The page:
You would think that in the midst of a national teacher shortage, states would be willing to undue some of the stifling regulation tape in order to make it easier for teachers to teach. However, taking the exact opposite tact, Mississippi has decided to begin enforcing licensing regulations more consistently; the end result is that Jackson Public School District is losing 236 teachers. Similarly, school districts throughout the state are finding themselves minus teachers they were expecting for the upcoming school year.
All 236 of the Jackson teachers were first-year teachers holding a temporary license that enabled them to teach. And all 236 are ineligible to teach next year because they failed to meet the licensing requirements for second-year teachers.
No doubt, when squinting at this story really hard the teachers deserve some of the blame. Based on a story in Mississippi Today, though, the lion’s share of the blame lies elsewhere—most notably on the Mississippi Department of Education. Whatever blame the teachers may deserve is most likely for trusting other people tasked with helping them through the licensing process.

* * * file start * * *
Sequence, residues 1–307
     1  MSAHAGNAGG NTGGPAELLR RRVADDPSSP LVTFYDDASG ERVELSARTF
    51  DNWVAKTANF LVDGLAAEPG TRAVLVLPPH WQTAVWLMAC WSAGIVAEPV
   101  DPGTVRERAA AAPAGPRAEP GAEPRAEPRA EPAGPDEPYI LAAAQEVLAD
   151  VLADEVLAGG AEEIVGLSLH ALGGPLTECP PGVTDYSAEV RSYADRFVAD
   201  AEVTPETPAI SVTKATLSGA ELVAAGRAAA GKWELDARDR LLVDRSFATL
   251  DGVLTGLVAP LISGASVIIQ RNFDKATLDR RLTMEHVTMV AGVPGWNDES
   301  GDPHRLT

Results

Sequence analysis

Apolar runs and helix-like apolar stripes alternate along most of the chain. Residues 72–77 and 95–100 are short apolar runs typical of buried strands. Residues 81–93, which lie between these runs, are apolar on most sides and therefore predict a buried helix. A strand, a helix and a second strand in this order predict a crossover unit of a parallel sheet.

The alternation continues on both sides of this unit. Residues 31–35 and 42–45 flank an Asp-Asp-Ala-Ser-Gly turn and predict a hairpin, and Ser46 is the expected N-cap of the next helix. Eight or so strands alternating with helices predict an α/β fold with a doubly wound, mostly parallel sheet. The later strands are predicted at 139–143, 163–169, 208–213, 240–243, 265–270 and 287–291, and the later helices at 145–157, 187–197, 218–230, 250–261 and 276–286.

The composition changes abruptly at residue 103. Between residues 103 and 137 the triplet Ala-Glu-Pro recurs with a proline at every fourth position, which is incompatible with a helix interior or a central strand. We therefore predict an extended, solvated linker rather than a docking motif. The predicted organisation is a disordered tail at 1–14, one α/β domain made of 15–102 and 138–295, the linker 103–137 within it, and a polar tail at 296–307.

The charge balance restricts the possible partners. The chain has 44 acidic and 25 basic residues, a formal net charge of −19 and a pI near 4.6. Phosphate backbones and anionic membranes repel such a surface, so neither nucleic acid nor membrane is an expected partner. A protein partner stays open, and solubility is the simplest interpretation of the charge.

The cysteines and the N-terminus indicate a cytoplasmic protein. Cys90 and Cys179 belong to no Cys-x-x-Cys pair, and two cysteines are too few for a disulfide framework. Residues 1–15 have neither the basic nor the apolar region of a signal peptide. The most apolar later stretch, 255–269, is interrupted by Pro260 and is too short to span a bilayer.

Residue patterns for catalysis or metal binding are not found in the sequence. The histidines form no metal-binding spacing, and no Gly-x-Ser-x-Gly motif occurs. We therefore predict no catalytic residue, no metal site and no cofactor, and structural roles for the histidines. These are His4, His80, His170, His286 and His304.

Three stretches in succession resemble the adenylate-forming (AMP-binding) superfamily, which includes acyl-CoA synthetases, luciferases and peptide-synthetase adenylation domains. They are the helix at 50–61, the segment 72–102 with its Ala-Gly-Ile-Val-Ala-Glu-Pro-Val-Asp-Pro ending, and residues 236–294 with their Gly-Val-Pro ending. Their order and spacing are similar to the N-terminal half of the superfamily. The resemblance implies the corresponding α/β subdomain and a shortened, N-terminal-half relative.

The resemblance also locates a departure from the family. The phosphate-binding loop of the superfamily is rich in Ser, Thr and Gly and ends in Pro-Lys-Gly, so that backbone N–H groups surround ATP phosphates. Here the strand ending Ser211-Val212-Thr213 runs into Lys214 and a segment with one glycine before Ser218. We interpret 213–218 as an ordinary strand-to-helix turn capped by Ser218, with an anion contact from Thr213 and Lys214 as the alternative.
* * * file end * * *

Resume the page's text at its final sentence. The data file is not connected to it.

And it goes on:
Education leaders like district superintendents and college deans of education have said they thought that candidates had three years to meet the licensing requirements, and only had to show that candidates were making progress toward completion in order to renew the special non-renewable license for nontraditional teachers. In years past, this has been the case with teachers using this license.
Mississippi Department of Education officials say that the rules for the license have never changed and that problems are arising now because of a misunderstanding with local school leaders.
(Read more from “Southern State Loses Hundreds of Teachers After They Are Ruled Ineligible” HERE)